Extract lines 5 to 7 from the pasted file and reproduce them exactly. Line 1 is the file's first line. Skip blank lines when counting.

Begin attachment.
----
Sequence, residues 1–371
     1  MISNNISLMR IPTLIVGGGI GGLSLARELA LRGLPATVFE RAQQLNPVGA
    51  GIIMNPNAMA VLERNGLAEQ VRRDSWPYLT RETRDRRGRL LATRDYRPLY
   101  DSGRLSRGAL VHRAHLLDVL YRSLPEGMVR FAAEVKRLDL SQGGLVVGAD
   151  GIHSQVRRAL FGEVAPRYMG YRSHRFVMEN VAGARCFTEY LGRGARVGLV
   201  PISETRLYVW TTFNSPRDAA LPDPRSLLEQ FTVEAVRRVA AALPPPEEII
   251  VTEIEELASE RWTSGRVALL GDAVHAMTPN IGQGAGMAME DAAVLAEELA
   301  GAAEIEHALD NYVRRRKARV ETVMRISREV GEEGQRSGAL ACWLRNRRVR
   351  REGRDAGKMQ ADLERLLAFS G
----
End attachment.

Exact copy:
   151  GIHSQVRRAL FGEVAPRYMG YRSHRFVMEN VAGARCFTEY LGRGARVGLV
   201  PISETRLYVW TTFNSPRDAA LPDPRSLLEQ FTVEAVRRVA AALPPPEEII
   251  VTEIEELASE RWTSGRVALL GDAVHAMTPN IGQGAGMAME DAAVLAEELA